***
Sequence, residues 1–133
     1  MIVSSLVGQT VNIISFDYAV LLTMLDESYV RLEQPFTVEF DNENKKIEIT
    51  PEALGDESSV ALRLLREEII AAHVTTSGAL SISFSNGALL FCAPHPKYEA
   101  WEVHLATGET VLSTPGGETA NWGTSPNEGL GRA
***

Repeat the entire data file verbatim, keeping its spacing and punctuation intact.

Sequence, residues 1–133
     1  MIVSSLVGQT VNIISFDYAV LLTMLDESYV RLEQPFTVEF DNENKKIEIT
    51  PEALGDESSV ALRLLREEII AAHVTTSGAL SISFSNGALL FCAPHPKYEA
   101  WEVHLATGET VLSTPGGETA NWGTSPNEGL GRA